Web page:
Horse riders raise awareness for road safety near Sheffield

Riders took to the roads last week to raise awareness on how motorists should safely pass horses.

Friday, 24th September 2021, 2:04 pm
Updated Friday, 24th September 2021, 2:04 pm
Pass wide and slow ride 2021

The 13 riders from Stubley Hollow Farm in Dronfield rode for about three miles last Sunday to raise awareness for horses and horse riders’ safety on UK roads. There have been almost 200 of these rides in the UK and Ireland.

Terri Amber, one of the organisers of the ride, said that the aim of the ride was to “promote an awareness of how to safely pass horses on the road amongst drivers”.

"Most incidents and accidents on the roads involving horses were caused or exacerbated by a motorised vehicle passing too close,” she added.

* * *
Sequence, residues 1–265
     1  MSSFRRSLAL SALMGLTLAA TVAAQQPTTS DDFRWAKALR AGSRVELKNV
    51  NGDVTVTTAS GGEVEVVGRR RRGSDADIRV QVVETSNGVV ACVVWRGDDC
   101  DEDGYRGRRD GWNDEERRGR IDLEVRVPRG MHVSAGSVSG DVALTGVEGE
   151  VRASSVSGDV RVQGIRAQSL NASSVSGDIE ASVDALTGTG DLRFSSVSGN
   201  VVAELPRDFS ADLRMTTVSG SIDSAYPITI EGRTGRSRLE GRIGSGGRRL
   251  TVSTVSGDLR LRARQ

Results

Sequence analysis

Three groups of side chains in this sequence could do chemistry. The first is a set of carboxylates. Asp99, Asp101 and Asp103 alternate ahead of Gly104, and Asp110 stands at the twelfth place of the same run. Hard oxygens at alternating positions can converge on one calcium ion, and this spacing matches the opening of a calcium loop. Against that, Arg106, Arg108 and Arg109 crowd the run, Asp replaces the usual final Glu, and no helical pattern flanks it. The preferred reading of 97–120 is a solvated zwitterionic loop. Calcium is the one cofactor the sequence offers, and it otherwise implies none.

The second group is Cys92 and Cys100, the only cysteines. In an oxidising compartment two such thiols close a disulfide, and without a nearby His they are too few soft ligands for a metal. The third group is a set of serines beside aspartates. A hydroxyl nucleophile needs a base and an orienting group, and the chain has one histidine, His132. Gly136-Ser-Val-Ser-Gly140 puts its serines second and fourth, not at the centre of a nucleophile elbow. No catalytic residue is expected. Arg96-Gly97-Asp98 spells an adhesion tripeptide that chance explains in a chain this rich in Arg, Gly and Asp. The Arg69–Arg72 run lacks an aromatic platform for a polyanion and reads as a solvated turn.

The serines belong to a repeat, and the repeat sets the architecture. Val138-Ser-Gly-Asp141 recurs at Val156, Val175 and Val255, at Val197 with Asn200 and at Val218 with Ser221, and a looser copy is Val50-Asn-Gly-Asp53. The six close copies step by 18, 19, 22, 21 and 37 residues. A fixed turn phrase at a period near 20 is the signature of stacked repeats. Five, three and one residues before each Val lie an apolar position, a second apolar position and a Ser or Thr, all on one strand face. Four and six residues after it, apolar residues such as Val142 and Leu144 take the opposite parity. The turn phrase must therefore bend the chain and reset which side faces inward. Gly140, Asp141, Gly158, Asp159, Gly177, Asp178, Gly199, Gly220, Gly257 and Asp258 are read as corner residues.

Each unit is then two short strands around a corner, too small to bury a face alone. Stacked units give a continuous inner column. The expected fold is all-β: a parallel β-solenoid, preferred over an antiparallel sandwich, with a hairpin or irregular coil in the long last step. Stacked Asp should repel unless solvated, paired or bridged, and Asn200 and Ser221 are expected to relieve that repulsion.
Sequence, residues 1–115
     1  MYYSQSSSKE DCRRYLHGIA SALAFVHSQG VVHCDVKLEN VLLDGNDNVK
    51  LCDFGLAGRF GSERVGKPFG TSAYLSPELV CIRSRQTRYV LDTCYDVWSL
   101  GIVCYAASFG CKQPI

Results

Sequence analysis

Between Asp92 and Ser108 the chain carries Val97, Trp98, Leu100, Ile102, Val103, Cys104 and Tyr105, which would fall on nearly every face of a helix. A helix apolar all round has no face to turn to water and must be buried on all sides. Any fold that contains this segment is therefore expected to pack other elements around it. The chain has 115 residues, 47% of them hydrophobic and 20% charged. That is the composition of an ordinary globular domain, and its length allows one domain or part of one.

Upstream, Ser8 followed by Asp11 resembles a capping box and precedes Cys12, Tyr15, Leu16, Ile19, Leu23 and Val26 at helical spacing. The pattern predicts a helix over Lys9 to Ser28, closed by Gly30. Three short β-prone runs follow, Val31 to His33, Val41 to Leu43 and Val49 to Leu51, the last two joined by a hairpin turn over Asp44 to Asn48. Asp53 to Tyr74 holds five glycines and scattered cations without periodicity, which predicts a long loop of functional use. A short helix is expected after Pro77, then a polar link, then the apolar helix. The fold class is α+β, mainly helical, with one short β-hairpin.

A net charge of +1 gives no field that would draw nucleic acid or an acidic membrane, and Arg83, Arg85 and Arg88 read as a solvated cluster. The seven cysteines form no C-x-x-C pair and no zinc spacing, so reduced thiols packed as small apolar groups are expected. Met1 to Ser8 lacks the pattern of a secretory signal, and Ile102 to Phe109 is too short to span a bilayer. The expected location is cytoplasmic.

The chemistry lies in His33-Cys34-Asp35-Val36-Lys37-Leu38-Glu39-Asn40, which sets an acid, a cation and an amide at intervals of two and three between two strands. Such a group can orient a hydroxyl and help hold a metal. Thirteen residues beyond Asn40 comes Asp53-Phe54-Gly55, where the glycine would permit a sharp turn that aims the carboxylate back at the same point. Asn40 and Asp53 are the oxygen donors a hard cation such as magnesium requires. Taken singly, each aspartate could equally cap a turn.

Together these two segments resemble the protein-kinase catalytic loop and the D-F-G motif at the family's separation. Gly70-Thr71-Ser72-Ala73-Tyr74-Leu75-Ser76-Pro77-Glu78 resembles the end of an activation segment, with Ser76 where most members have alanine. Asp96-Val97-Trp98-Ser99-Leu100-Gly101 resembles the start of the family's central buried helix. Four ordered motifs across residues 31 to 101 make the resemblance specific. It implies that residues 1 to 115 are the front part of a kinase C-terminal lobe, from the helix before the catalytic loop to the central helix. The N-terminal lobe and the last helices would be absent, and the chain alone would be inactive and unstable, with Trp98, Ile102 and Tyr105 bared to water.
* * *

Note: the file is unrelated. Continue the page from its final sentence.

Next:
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13 riders rode through Dronfield to raise awareness for how to safely pass horses on the road

Terri said that hey were asking drivers to be patient, take their cue from the rider’s hand signals or verbal requests, and pass wide and slowly, ideally at a two-metre distance.

“The majority of drivers are not malicious, just ignorant,” she added.

Terri believes that the law should be more protective of horses and drivers should be educated more about the issue with malicious drivers being punished.

The British Horse Society found that about two horses a week were killed on UK roads in the last year. The charity also say that there have been 1,037 incidents involving horses on the road in the last year, with 81 per cent of these occurring due to drivers passing too closely.

Speaking about the awareness ride, Terri said most motorists, including bus and lorry drivers, were “patient and courteous”.

However, there were some drivers who were less respectful, edging past and overtaking fast, with one driver who “honked their horn then “verbally abusing” a walking member of the team who went to speak to her.

"We would like to avoid the busy roads altogether, but the bridleway system is fragmented. There are more cycle routes being developed, but horse riders and carriage drivers are often left out,” she added.